“iTSCi Is In Very Real Danger Of Failing” Says Richard Burt, President of the Tantalum Niobium International Study Center

In a press release issued January 14th, 2011 Richard Burt, President of the (Tantalum Niobium International Study Center) stated that “Without immediate additional funding commitments from third parties, iTSCi (The ITRI Tin and Tantalum Supply Chain Initiative due diligence scheme in the Democratic Republic of Congo {DRC}) is in very real danger of failing – not just the industry, but failing the millions of people in the Eastern Congo who totally rely for their livelihood on a vibrant, legitimate, mining industry.”

As a result of market reaction to the recent US conflict minerals legislation (The recently signed Financial Reform Bill-HR 4173 contains Sec. 1502, which requires manufacturers to report annually to the SEC if their products contain “conflict minerals” from the Democratic Republic of Congo (DRC). The new law will apply to manufactured goods containing tin, tantalum, gold and tungsten used in a variety of electronics and other goods- which will reject untraceable mineral from central Africa after 1st April 2011, the iTSCi programme faces serious challenges and requires urgent and significant funding commitments in order to progress. ITRI and T.I.C. are therefore asking for contributions from companies at the downstream end of the tin and tantalum supply chains in order to allow a solution to this issue to be put in place.

The conflict mineral issue has been widely reported and many studies have been carried out analyzing the situation and recommending actions that involved stakeholders should take; the increased due diligence required incorporates both certification of conflict free mines and traceability of the product throughout the supply chain from mine to smelter. The ITRI Tin Supply Chain Initiative (iTSCi) is the one project that has been tested on the ground in Africa and been shown to directly and practically address these needs, linking that activity throughout the upstream and downstream supply chain, and working with the support of the DRC and Rwandan Governments and the inter-Governmental regional body the ICGLR.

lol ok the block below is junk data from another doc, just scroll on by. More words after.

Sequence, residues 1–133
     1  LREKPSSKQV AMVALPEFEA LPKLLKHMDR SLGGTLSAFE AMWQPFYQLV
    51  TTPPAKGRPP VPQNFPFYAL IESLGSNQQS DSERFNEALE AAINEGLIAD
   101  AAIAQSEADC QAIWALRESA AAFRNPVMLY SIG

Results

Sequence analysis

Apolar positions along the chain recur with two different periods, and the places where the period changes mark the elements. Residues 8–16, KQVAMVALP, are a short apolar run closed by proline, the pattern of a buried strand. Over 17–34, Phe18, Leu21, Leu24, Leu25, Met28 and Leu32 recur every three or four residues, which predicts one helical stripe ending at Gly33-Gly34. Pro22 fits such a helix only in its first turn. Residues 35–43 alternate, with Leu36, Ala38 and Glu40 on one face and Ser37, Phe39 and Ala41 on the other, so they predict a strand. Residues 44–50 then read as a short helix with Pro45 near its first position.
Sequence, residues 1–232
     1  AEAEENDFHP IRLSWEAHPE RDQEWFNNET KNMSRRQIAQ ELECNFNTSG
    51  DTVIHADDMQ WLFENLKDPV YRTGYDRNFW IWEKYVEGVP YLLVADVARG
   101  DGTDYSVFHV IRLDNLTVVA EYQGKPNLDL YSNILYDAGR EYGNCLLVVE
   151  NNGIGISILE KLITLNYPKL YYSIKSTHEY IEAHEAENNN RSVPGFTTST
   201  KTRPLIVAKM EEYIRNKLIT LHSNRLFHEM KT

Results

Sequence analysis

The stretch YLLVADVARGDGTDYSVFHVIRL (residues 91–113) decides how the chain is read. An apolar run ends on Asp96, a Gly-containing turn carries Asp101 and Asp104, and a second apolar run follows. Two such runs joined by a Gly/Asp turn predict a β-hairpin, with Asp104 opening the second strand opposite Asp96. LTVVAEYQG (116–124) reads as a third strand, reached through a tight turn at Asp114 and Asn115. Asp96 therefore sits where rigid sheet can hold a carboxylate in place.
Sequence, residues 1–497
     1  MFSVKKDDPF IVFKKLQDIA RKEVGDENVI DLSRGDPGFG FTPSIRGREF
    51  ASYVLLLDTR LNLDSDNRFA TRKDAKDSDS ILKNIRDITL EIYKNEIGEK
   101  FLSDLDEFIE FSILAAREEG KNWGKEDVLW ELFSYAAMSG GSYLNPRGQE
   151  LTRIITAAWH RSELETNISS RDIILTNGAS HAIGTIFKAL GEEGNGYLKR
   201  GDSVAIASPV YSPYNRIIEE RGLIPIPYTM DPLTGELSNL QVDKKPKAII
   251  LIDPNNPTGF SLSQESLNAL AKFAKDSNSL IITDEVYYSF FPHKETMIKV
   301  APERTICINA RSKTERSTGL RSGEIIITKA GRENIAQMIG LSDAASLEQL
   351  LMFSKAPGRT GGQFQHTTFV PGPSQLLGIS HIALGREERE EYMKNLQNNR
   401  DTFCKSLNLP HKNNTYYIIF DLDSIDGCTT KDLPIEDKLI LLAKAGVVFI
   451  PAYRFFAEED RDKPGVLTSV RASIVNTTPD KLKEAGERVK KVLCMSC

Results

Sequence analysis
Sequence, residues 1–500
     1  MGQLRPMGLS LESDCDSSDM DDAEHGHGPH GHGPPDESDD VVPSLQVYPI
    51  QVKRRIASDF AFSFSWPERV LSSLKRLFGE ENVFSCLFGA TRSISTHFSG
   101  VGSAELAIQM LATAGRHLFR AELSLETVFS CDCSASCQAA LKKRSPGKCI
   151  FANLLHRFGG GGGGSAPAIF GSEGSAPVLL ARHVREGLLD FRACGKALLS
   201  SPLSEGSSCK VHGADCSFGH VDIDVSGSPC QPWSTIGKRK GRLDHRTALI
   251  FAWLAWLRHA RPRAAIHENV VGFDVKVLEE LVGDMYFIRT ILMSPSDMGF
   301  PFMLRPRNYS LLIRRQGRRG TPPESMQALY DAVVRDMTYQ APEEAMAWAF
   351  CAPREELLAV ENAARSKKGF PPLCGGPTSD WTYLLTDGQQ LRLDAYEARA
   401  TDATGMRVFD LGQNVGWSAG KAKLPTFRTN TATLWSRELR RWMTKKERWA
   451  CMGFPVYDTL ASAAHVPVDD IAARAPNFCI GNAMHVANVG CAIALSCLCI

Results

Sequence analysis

Although the general mining suspension continues in North and South Kivu and Maniema, it is important that implementation is carried out without delay in up to six mining areas in Katanga Province. In order to allow some degree of continuing trade after April, this part of the project must begin by the end of January 2011.

The African mining sector itself is expected to fund two thirds of the total 5 year US $31 million implementation and operational cost of the iTSCi scheme throughout the DRC.

However, an estimated shared financing commitment of $12 million over a three year period is required, to enable the scheme to be self funding by the end of 2013 as a result of increasing mine production and trade from the region. Of this, US$1.5 million is required immediately to enable the commencement of the Katanga programme. Further funding of around US$5 million will also be required once the mining suspension is lifted and the project can continue in North and South Kivu and Maniema.

Kay Nimmo, Manager Sustainability & Regulatory Affairs at ITRI, commented “Ensuring minerals do not in any way contribute to conflict is a serious and pressing concern for the entire supply chain from the mine to the consumer. Now is the time for companies throughout the supply chain to choose to engage and to commit financially to the initiatives being undertaken.”

Author’s Note: The Organization for Economic Co-Operation and Development (OECD), a 32 country organization, is currently developing a framework on “Due Diligence Guidance for Responsible Supply Chain Management of Minerals From Conflict-Affected and High Risk Areas (http://www.oecd.org/document/36/0,3343,en_2649_34889_44307940_1_1_1_1,00.html).” The United States is a member of the OECD. As a result, these developing guidelines may be considered by the SEC as they draft regulations to implement the requirements under Section 1502. The OECD aims to finalize its framework by the end of September at an international meeting in Nairobi on conflict minerals.

This proposed guideline defines a risk-based due diligence framework throughout a supply chain. Due diligence in the supply chain refers therefore to company efforts to clarify its chain of custody and the qualitative circumstances involved in the mineral extraction, trading and handling in order to identify and manage actual or potential risks associated with the activities and relationships of all upstream actors.
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